Racing homologation rules have produced some of the craziest cars to ever be sold for driving on public roads. In some cases, it's hard to believe automakers were crazy enough to build these cars at all, but motorsport is known to inspire strange behavior. Here are some of the best.
The road-going version of Panoz's wonderful Esperante GTR-1 race car came near the end of the 1990s. In order to qualify it for racing, the company had to build two examples. Like the race car, it uses a 6.0-liter V-8 making north of 600 horsepower. It also looks menacing.
Developed by Ford to compete in the World Touring Car Championship in 1987, just 500 road-going versions of the RS500 were built. The biggest upgrade was the engine—a 2.0-liter unit built by Cosworth that made 224 horsepower.
Unlike most Group B homologation specials, Rover's Metro 6R4 didn't use any sort of forced induction. It had a naturally aspirated V-6 with Cosworth underpinnings that later found a home in twin-turbo form in the Jaguar XJ220. It also had a chassis designed by Williams, making it very, very quick.
The first M3 was built to homologate BMW's racing in Group A, designed to compete against Mercedes-Benz and its 190E. The race car would go on to win the Nurburgring 24-Hour five times, while the road car has become a desirable collector's item.
Though it might not be as popular as some of the other rally homologation cars on this list, the Celica GT-Four is still serious business. It makes 250 horsepower through a turbo inline-four, and gets power to all four corners via a permanent all-wheel drive system.
It might look like a normal 205 from the outside, but the Turbo 16 was anything but. It had a mid-mounted engine behind the driver, and all-wheel drive to homologate Peugeot's Group B efforts of the time.
Though it sports 996-generation 911 headlights, the 911 GT1 is far from a 911. It has a flat-six engine, but it's mounted in the middle, and water-cooled. The body is made up of carbon fiber, and the transmission is a six-speed sequential. It was built so Porsche could go racing in the FIA's GT Championship.
Like the 911 GT1, the CLK GTR was built to compete in the FIA GT Championship, including the 24 Hours of Le Mans. Unlike the normal CLK, it sports a mid-mounted V-12 engine and a carbon fiber monocoque.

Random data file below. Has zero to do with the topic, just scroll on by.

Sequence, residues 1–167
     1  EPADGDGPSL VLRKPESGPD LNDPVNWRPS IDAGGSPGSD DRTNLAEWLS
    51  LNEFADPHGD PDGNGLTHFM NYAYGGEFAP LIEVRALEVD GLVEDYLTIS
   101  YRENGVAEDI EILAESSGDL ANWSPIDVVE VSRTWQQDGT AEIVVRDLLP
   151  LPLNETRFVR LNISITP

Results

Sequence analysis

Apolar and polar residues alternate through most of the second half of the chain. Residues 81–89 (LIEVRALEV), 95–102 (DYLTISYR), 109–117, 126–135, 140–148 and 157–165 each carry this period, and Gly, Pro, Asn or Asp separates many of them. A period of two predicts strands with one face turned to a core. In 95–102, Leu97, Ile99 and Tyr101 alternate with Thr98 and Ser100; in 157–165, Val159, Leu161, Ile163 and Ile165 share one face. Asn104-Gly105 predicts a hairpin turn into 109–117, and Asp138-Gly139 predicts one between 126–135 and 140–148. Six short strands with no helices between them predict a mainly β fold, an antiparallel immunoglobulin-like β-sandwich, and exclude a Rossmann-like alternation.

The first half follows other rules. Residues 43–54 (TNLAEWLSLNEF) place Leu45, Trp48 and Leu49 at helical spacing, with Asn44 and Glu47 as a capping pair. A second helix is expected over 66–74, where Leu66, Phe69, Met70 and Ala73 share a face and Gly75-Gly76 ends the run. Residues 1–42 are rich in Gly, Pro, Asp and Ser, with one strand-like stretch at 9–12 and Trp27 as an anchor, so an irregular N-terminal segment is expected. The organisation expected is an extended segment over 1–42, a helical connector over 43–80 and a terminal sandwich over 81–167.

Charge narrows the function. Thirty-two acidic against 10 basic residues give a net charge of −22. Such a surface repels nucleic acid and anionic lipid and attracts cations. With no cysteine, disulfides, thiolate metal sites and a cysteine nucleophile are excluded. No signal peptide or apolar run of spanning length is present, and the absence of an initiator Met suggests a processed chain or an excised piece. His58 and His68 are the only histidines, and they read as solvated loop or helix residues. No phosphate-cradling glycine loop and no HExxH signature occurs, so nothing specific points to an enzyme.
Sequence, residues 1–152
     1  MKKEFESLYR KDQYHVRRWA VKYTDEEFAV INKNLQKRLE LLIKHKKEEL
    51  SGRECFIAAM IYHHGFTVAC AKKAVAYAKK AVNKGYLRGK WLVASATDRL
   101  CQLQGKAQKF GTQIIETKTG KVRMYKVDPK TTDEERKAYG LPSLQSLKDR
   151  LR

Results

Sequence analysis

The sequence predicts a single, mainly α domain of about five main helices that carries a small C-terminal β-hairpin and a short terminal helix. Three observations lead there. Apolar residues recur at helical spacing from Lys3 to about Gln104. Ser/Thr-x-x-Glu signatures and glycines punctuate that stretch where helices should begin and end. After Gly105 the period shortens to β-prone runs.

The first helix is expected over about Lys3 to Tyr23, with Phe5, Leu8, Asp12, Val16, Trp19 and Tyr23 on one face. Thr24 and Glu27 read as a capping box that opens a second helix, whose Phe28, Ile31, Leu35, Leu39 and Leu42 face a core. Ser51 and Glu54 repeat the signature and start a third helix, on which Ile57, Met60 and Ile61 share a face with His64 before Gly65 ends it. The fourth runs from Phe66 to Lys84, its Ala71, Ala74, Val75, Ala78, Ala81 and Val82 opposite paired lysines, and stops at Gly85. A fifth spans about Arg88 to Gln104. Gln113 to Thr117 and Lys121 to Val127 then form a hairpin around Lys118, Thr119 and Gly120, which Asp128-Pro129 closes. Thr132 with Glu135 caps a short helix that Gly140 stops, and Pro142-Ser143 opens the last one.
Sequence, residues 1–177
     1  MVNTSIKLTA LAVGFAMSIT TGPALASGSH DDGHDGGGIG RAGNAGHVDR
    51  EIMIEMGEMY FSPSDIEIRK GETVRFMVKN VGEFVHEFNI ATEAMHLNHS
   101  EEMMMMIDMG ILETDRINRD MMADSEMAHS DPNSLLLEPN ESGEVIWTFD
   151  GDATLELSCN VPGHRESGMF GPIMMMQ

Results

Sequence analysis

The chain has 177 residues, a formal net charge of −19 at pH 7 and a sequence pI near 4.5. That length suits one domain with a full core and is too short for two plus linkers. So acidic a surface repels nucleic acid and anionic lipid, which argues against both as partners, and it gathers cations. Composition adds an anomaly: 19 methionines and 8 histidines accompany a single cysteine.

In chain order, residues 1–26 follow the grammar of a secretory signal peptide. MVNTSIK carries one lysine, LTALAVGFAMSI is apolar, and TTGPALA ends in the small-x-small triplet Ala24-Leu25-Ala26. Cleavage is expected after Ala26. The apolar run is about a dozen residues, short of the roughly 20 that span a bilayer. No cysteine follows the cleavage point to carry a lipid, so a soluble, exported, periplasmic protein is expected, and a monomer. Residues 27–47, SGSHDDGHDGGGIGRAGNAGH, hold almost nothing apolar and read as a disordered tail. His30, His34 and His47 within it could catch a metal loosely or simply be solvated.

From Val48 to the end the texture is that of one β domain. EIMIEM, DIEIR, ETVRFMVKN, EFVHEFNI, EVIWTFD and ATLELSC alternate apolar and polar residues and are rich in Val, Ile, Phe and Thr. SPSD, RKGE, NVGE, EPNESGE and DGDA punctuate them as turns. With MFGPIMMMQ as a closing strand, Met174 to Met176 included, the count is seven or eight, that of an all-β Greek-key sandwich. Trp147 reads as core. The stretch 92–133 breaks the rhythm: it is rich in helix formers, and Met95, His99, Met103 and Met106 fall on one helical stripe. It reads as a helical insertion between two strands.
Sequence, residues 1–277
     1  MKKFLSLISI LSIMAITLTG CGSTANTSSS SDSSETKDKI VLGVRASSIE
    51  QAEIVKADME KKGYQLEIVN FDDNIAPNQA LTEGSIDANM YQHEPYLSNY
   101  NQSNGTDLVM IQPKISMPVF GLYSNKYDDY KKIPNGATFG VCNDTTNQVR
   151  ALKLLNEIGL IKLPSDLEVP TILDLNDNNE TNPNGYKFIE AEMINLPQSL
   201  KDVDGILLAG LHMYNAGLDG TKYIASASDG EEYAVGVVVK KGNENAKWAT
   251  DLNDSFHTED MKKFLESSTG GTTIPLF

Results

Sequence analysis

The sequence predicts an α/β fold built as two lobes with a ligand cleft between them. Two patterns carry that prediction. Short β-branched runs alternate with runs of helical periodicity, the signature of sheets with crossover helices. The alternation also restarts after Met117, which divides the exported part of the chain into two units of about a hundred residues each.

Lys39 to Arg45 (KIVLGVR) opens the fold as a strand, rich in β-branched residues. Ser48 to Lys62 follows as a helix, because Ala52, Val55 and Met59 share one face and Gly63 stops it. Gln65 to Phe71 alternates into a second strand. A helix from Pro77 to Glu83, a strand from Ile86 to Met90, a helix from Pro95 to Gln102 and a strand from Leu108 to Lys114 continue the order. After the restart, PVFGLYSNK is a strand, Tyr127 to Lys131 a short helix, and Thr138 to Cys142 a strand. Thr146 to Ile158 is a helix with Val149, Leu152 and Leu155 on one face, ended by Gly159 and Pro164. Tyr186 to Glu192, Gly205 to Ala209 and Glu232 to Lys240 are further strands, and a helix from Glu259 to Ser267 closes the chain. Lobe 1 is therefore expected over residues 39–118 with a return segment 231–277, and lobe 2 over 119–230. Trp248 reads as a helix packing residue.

Produced to homologate the Quattro for Group B rally, the S1 sports a carbon-Kevlar body shell with a turbocharged five cylinder engine and, of course, all-wheel drive.
The 131 homologation special was built in a collaboration between, Fiat, design house Bertone, and Abarth. Just 400 examples were built to get the car homologated for the World Rally Championship.
A loophole in Chevy's custom ordering process let a handful of dealers order the baddest Camaro imagined back in 1969. It had a big block 427 V-8 like many other Camaros, only its V-8 was all-aluminum and designed for Can Am racers. There were plenty of fast Camaros in the late-1960s, but this was totally unhinged.
The homologation special is mostly dead today, but Ford brought it back in spirit with the new GT. From the outset, it's abundantly clear Ford had top-level racing in mind when designing the new GT: The street car's engine is adapted from a Daytona Prototype powerplant. The GT road car might not be as raw and untamed as some of the other cars on this list, but it's philosophically similar.
If you're a fan of the today's WRX STI, this is the car you have to thank. For the 22B, Subaru took the standard Impreza STI's 2.0-liter engine and increased displacement to 2.2 liters, with power rising to 280-hp. Big fender flares and a rear wing set the visual template for all STIs to come. Only 424 were built and apparently only two live in the U.S.
One of the weirder footnotes in Le Mans history is the , which won the race in 1994 thanks to some creative rulebook interpretation. Dauer took a handful of Porsche 962s, which were the dominant car of the Group C era, and modified them for street use. It is one of the most extraordinary cars to be sold for the streets, but that's what allowed Porsche to enter the 962 in the GT category at Le Mans in 1994.